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PHI Letter in Support of Fully Funding Programs that Address Health Disparities in the FY 2018 Labor-HHS-Educations Appropriations Bill

2017

July 18, 2017

The Honorable Rodney Frelinghuysen
Chairman
Committee on Appropriations
U.S. House
Washington, DC 20515                   

The Honorable Nita Lowey
Ranking Member
Committee on Appropriations
U.S. House
Washington, DC 20515

 

Dear Chairman Frelinghuysen and Ranking Member Lowey:

 

On behalf of the Public Health Institute (PHI)a national nonprofit dedicated to promoting health, well-being and quality of life for people across the nation and around the world—I write to urge your support to fully fund programs that address health disparities in the FY2018 Labor-HHS-Educations Appropriations Bill. In particular, I urge you to fully fund the nation’s only community-based program working to tackle racial and ethnic health disparities, the Racial and Ethnic Approaches to Community Health (REACH) program at $50.95 million.

 

These investments are more important than ever. Addressing health disparities helps reduce the nation’s health care costs: the Joint Center for Economic and Political Studies estimates that eliminating health disparities would reduce direct medical expenditures by nearly $230 billion. Yet health disparities continue to widen, and racial and ethnic communities, low-income Americans and tribal communities disproportionately feel the burden of disease. For example: African Americans are 40% more likely to have high blood pressure than Non-Hispanic Whites and have the highest rates of obesity (44%); the rate of diagnosed diabetes is 18% higher among Asian Americans, 66% higher among Hispanic/Latinos, and 77% higher among African Americans compared to non-Hispanic whites; and American Indians and Alaskan Natives are 60% more likely to be obese than non-Hispanic whites.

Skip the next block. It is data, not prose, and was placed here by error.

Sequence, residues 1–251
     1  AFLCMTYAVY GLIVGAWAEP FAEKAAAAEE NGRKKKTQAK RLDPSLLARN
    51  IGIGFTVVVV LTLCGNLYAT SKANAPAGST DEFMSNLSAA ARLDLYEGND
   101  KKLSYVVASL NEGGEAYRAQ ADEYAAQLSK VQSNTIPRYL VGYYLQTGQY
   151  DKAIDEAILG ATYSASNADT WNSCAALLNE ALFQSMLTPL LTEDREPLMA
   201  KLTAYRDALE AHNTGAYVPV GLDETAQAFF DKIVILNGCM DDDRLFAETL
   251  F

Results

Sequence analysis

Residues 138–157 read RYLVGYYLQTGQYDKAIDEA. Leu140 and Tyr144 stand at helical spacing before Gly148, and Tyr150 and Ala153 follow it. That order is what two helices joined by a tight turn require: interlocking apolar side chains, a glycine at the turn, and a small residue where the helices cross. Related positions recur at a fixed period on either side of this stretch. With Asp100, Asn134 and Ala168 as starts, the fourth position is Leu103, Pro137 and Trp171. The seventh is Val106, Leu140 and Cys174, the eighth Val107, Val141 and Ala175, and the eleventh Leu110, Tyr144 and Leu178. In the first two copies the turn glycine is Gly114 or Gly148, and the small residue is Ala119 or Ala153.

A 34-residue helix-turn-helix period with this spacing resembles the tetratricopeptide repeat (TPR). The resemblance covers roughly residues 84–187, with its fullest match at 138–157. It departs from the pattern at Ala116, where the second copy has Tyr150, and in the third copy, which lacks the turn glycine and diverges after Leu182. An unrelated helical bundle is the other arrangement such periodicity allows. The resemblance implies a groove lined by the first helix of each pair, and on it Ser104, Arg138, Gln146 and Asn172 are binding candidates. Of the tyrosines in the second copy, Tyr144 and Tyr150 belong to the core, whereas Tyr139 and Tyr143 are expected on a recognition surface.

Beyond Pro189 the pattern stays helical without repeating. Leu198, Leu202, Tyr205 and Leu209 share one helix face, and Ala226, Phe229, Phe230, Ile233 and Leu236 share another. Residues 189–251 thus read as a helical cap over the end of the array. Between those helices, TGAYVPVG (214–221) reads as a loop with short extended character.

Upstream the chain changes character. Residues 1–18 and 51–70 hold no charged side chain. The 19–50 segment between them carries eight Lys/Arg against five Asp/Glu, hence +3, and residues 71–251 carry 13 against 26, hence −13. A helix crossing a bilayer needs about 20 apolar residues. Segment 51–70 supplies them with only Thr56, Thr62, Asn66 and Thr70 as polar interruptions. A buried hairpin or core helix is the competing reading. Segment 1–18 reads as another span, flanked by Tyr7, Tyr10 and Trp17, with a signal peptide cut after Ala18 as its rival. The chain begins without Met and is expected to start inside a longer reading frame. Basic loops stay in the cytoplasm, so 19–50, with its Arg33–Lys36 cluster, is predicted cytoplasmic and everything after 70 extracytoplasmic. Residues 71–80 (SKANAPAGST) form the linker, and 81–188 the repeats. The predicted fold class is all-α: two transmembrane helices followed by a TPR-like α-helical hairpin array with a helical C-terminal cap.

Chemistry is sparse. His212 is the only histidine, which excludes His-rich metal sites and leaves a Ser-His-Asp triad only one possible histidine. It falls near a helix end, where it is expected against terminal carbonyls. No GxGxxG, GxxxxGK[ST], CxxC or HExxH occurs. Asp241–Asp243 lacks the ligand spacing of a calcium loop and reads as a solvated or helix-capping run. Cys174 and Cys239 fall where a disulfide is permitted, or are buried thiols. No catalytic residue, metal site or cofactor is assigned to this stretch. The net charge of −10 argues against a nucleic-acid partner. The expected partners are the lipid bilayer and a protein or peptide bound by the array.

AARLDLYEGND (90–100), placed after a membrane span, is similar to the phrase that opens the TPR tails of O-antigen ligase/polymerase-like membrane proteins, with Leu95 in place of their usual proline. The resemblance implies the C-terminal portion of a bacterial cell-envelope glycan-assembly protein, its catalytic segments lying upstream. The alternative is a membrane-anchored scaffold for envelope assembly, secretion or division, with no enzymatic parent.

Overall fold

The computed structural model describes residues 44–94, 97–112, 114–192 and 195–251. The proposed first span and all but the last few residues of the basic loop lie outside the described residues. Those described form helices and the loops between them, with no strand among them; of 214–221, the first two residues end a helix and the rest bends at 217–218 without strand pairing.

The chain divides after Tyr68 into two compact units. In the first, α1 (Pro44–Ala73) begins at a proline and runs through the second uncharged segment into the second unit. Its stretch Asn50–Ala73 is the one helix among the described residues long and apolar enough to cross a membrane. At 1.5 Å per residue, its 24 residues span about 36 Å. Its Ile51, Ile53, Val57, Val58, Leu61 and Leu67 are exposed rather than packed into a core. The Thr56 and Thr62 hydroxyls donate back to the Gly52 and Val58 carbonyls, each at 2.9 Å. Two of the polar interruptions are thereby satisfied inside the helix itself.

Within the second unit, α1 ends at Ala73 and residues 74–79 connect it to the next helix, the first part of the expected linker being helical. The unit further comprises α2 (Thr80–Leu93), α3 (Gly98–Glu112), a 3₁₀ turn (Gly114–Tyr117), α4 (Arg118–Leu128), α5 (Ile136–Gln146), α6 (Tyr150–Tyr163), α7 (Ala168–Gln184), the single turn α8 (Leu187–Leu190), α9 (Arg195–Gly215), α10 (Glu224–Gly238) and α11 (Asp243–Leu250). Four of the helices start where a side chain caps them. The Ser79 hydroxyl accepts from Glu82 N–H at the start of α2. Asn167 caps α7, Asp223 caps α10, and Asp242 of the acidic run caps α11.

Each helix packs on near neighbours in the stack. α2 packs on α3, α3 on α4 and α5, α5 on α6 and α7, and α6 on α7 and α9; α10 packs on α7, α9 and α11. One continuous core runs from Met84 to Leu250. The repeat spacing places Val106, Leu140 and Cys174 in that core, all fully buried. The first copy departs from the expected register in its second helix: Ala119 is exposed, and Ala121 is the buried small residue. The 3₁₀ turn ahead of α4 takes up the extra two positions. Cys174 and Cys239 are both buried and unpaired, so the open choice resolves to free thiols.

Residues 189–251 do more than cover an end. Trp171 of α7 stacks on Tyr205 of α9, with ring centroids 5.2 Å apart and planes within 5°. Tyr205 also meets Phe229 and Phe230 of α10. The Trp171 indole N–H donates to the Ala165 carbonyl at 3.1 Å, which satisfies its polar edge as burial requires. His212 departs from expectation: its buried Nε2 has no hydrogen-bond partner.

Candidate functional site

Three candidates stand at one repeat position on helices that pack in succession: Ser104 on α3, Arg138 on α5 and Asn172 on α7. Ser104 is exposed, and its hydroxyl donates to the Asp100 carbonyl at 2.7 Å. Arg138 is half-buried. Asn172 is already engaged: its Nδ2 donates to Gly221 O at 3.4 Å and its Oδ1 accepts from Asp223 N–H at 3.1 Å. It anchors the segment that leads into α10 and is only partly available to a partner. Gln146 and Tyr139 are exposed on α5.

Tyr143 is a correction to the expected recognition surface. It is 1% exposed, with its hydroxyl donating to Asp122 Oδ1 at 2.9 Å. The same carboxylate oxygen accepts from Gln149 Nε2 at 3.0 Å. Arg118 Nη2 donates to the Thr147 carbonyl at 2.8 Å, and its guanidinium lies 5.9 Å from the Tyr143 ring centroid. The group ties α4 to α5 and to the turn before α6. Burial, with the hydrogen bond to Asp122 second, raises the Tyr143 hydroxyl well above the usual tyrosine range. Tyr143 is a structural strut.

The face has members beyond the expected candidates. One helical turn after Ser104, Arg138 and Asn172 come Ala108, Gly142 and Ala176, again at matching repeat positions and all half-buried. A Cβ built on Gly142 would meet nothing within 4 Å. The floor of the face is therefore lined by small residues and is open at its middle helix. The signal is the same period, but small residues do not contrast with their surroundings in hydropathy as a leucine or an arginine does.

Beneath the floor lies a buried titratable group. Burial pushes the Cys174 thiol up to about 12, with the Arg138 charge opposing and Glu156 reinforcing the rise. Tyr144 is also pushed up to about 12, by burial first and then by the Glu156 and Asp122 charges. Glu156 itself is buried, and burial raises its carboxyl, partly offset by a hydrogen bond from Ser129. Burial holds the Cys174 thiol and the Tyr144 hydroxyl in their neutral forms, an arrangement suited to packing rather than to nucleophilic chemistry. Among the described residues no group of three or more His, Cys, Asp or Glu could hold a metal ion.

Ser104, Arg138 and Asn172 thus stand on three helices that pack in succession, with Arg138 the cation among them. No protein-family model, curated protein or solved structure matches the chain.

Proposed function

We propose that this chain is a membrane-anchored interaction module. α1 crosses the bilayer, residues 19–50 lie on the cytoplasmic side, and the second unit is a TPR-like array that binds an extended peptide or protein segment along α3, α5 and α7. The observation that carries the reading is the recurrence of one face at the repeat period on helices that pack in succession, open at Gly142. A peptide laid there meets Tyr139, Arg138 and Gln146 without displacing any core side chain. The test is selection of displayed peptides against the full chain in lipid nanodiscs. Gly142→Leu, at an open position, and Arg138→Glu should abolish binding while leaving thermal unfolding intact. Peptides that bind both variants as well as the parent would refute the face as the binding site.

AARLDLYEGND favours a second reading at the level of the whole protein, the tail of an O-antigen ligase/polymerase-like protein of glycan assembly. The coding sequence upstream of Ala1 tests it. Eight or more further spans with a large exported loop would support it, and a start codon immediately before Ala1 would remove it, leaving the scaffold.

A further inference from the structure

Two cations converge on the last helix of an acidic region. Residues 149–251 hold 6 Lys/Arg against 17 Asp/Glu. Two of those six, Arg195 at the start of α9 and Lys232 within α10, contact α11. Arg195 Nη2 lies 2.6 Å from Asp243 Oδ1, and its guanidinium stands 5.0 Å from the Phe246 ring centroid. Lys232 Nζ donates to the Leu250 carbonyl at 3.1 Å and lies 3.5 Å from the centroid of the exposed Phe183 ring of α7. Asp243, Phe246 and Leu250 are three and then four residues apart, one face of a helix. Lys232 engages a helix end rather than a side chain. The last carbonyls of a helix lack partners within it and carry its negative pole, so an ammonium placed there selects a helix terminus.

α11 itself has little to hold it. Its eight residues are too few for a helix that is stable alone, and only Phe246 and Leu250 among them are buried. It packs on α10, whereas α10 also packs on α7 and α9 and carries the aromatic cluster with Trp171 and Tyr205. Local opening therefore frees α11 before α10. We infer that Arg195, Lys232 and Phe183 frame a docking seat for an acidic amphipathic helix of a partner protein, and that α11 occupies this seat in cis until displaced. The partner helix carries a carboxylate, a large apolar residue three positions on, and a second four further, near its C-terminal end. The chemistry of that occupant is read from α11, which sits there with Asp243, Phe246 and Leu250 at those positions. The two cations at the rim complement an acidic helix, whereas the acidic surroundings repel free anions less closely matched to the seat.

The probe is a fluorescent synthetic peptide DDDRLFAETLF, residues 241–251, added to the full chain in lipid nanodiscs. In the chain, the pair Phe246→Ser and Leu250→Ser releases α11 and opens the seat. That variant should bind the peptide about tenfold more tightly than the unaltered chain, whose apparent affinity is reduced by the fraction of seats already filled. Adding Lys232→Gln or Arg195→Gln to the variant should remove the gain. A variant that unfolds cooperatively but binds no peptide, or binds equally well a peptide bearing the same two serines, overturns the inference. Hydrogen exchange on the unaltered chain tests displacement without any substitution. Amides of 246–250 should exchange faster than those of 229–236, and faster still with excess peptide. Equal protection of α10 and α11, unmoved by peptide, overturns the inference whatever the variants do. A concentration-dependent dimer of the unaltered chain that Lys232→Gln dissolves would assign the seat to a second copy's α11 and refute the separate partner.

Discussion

The 49 REACH grantees nationwide, ranging from state and local health departments to universities and community based organizations, identify, develop, and disseminate effective strategies for addressing health disparities. They impact a wide range of health priority areas including cardiovascular disease, diabetes, breast and cervical cancer, infant mortality, asthma, immunization, and obesity among African Americans, Alaska Natives, Asian Americans and Pacific Islanders, and others.

 

PHI also urges that you fully fund investments in other programs and agencies that work to build equity and address critical health disparities in our communities, including: HHS Office of Minority Health, the Health Careers Opportunities Program (HCOP), the National Institute on Minority Health and Health Disparities Centers of Excellence (COE), HHS Office of Minority HIV/AIDS, the Nursing Workforce Diversity Program, and HIV/AIDS initiatives at the Substance Abuse and Mental Health Services Administration.

 

I appreciate your consideration of this request.

 

Sincerely,





Matthew Marsom
Vice President for Public Policy & Programs
Public Health Institute